Angela has a child, Christian, who was born on 23 October 2001. Angela is the primary person in respect of Christian.

Angela is married to Noel and according to their calculations, Angela has a higher entitlement than Noel in the 2001-2002 income year. Therefore, Angela decides to claim for the Baby Bonus for that year.

Angela calculates that Noel will have a higher entitlement than herself for the 2002-2003 income year. Angela therefore elects to transfer her entitlement for the 2002-2003 income year to Noel.

Noel’s income tax return for the 2002-2003 income year is later amended by the Commissioner to include omitted income. This amendment has effectively reduced Noel’s Baby Bonus entitlement because his income has increased. Angela cannot revoke her election which would allow her to claim the Baby Bonus for the 2002-2003 income year.

A primary person can only make a claim in respect of one child

4.9                        A primary person cannot claim the Baby Bonus in respect of 2 children in the same income year. The primary person will claim the Baby Bonus in respect of the first child. [Schedule 1, item 2, section 61-365]

 

4.10          Where a child dies in an income year before reaching 5 years of age and the claimant is eligible to claim in respect of another child (a younger sibling), there will still be only one claim for that income year and it will be in respect of the deceased child. However, in the following year, the claimant can claim the Baby Bonus in respect of the other child. [Schedule 1, item 2, subsection 61-380(3)]

Example 4.4

Clara and George have 2 children - Carol who was born on 12 December 2001 and Margaret who was born on 4 June 2003. Clara is the primary person and is entitled to claim the Baby Bonus in respect of Carol, as Carol was born before Margaret.

Carol dies on 11 October 2005. Clara can claim a full year’s entitlement of the Baby Bonus in respect of Carol as her eligibility period is extended to the end of the income year. Clara cannot claim any amount in respect of Margaret in the year that Carol died.

As Carol died before the age of 5, Clara can claim the Baby Bonus in respect of Margaret in the following year and up to and including the year in which Margaret turns 5. The first claim in respect of Margaret will be in the 2006-2007 income year.

When can a claim be made?

Base year is the year before the event year.

4.11       If the base year is the year before the event year, the first year in which a claim can be made is the event year.

4.12       In this first year, the entitlement amount will be pro-rated based on the number of days from the time the legal responsibility was obtained to the end of that income year. There will also be a pro-rata claim in the income year in which the child turns 5 years of age, based on the number of days from 1 July up to the day on which the child turns 5. There will be full year claims in the intervening 4 years of income if there is no change in legal responsibility.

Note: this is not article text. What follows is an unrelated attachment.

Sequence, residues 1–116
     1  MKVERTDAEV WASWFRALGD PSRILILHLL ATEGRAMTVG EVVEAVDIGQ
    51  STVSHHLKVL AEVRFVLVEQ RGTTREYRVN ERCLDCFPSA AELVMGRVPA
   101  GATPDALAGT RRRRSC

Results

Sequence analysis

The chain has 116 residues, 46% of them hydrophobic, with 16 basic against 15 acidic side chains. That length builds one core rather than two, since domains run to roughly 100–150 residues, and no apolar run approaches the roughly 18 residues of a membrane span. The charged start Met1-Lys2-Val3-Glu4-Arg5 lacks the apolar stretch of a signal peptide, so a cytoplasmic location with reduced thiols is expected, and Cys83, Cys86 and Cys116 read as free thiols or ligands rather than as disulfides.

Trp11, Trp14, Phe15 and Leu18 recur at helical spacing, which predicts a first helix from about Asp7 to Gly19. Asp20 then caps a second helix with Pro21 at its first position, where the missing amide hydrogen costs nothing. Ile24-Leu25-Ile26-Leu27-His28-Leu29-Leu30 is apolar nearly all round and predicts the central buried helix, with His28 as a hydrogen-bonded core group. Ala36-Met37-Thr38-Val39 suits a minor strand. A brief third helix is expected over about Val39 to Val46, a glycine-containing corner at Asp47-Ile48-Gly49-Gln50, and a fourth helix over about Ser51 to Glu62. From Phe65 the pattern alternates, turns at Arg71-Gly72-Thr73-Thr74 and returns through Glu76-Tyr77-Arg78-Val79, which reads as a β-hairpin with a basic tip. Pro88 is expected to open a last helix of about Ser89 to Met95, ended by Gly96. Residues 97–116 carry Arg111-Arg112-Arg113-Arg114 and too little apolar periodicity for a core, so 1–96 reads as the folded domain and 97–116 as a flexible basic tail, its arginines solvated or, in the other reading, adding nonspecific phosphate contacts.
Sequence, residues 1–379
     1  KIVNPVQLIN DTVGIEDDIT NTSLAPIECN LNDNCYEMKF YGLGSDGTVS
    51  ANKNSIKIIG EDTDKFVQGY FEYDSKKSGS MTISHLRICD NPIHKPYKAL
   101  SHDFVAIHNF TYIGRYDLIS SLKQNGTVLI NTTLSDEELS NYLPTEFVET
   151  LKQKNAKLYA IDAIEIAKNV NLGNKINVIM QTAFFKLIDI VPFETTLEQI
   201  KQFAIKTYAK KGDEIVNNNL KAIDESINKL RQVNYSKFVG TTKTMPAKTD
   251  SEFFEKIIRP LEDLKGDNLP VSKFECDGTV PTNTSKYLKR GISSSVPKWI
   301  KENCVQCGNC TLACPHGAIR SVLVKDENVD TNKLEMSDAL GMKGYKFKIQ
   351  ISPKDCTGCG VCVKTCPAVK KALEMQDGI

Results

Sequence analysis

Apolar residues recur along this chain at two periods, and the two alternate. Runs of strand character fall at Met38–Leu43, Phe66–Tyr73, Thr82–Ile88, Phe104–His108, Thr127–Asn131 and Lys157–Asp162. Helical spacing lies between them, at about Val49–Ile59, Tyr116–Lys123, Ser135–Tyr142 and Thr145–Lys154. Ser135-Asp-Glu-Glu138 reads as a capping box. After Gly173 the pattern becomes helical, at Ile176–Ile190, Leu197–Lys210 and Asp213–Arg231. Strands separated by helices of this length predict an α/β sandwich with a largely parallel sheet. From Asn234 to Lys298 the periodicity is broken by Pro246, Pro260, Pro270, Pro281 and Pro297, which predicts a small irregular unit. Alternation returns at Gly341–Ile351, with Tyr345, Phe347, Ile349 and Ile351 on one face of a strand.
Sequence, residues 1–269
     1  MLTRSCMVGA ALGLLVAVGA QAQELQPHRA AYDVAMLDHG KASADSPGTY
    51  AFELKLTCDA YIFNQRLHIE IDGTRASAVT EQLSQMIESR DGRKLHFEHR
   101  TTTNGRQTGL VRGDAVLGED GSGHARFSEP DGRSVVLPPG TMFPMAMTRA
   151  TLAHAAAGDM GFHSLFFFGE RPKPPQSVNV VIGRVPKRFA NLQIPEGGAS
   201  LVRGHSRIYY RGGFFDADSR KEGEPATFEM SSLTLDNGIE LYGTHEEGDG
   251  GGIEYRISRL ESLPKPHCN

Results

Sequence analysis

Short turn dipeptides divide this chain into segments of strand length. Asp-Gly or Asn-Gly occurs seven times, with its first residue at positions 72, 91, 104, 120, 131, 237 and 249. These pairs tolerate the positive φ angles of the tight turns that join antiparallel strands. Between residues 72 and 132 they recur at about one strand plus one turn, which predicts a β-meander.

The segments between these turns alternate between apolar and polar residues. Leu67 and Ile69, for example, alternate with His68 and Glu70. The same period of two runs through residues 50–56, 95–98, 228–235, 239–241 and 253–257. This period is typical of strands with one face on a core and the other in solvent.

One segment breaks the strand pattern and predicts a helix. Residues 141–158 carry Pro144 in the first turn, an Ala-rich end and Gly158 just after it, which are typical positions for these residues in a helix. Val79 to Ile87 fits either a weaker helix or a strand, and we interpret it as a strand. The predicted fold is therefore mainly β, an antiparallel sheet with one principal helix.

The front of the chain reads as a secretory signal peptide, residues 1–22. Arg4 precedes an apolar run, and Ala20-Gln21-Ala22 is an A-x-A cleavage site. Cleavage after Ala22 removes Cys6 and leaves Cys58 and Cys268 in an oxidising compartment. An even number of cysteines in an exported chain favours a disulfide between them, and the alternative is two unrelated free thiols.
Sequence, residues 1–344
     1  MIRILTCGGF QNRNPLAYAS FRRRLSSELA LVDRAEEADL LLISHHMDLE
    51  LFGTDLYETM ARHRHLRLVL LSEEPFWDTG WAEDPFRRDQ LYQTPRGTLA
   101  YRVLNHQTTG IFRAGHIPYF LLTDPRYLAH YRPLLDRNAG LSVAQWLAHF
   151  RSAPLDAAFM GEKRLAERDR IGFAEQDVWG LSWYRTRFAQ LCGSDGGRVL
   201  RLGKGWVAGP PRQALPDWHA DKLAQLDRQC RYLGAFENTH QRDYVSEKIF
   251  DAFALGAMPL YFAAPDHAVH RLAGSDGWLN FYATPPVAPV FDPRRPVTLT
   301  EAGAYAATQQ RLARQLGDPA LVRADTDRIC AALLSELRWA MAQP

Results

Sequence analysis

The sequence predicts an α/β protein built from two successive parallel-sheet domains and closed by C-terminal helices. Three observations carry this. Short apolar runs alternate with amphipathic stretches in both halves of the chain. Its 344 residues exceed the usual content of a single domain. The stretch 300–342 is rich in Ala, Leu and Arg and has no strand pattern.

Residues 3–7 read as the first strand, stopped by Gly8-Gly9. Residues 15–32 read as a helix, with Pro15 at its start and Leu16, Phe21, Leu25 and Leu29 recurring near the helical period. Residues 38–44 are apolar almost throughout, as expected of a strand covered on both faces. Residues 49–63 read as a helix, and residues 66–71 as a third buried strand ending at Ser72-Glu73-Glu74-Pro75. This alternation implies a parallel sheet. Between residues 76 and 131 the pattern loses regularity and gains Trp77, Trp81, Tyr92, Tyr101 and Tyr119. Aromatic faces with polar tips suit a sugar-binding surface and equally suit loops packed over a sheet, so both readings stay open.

Example 4.5

Sophie goes on maternity leave on 1 February 2002 and gives birth to Henry on 14 February 2002. Sophie ends her maternity leave on 30 April 2002. For the period 1 May 2002 to 30 June 2003 Sophie is on leave without pay. Sophie resigns from her job on 1 July 2003 and does not have any taxable income in subsequent years.

                                   

 

 

                                                          Maternity         Leave                              Leave                            

    Resignation                                      leave         without pay                      without pay

 

 



   30/6/01                                  1/2/02           30/4/02         30/6/02                                                            30/6/03

 

                                                          14/2/02

                                                          Birth of               Total eligible days

                                                          Henry                          137

 

 

                            

   30/6/01                                                                          30/6/02                                                             30/6/03

 

 



Taxable income $30,000                                       Taxable income $26,000                              Taxable income $0

Basic income tax liability $5,380                          Basic income tax liability $4,180                                                 

Base amount $1,076                                              Base amount $836

 

Sophie elects her base year to be the year ended 30 June 2001, as this gives her a higher base amount. This means that Sophie can claim for Henry in her income tax return for the year ended 30 June 2002.

As Sophie only had legal responsibility of Henry for 137 days in her first year, she will need to pro-rate her entitlement amount. Sophie will also need to adjust her base amount to account for her taxable income in the income year.